Farmers will have to do more to enhance the environment following the publication of a long-awaited 25-year plan by the government.
British agricultural policy will have the environment “at its heart” after the UK leaves the EU, says the document.
The government’s 25-year plan to protect and enhance the environment was unveiled by prime minister Theresa May on Thursday (11 January).
Speaking at the launch of the document, the prime minister set out the government’s determination to leave the environment in a better state within a generation.
The plan includes more details of farm policy and support post Brexit.
It includes a new environmental land management scheme to “incentivise and reward land managers to restore and improve our natural capital and rural heritage”.
This new scheme will help farmers deliver more for the environment – including climate change mitigation and adaptation, says the document.
Care for land
It says: “The new system of support that we will bring in for farmers – true friends of the earth, who recognise that a care for land is crucial to future rural prosperity – will have environmental enhancement at its heart.”
Publication of the 25-year plan comes exactly a week after Defra secretary Michael Gove said direct payments would be phased out after Brexit.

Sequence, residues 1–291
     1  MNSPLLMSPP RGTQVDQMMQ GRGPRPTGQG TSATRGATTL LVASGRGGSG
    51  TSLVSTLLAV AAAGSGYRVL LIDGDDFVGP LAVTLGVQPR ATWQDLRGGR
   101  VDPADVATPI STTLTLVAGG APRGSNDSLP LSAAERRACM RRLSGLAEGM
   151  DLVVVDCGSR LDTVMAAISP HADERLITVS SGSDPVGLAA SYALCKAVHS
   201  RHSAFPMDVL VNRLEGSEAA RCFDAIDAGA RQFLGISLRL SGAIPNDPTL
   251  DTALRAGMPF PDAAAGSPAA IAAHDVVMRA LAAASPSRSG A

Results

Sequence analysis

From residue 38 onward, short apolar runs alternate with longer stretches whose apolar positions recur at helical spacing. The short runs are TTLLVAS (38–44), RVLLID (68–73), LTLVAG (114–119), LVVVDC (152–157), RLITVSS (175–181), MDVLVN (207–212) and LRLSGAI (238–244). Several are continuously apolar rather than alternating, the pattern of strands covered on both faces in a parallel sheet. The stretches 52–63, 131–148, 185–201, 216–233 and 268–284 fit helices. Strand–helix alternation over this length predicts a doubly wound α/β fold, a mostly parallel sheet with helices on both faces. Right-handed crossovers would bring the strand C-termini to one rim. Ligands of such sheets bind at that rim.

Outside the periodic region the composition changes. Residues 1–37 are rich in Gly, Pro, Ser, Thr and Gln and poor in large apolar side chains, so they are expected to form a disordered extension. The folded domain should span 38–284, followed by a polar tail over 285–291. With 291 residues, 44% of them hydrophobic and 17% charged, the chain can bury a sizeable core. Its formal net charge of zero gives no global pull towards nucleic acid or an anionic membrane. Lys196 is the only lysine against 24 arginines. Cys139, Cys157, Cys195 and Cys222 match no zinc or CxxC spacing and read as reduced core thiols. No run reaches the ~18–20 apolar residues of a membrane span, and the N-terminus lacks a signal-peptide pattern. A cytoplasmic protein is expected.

Instead, agriculture support will be based on rewarding farmers who deliver “public goods” or environmental enhancements.
The 25-year plan includes measures to protect water and reduce fertiliser use.
New rules for farmers to reduce water pollution from agriculture – due to come into force on 2 April – will be reviewed after three years, it says.
The 25-year plan says farming is the most significant source of water pollution and ammonia emissions into the atmosphere in the UK.
In addition, a “robust framework” will be put in place to limit inputs of nitrogen-rich fertilisers such as manures, slurries and chemicals to economically efficient levels
The document also commits the government to publishing an overarching chemicals strategy – which will include their use in agriculture – as the UK leaves the EU.
The Country Land and Business Association (CLA) said farmers across the country would play a crucial role in delivering on the vision set out in the plan.
CLA policy director Christopher Price said: “The plan acknowledges the range of ‘public goods’ that are delivered across our countryside.
“It is farmers and landowners that deliver these ‘goods’ – from investing in improving soil quality, to reducing flooding risks to homes and businesses and managing woodland.”
Mr Price said the direction of travel set out in the plan held “significant potential”.
But he warned much more work and clarity was needed to make the goverment’s plan more specific and signal where the hard choices would be made.
“Much of what is proposed will require significant investment from a range of sources consistently delivered over decades,” said Mr Price.
“It also requires us to create market opportunities, whether that be to reward land use that captures carbon, manages water or provides offsets for the environmental impacts of development.
“This will be a big part of making this successful and sustainable.”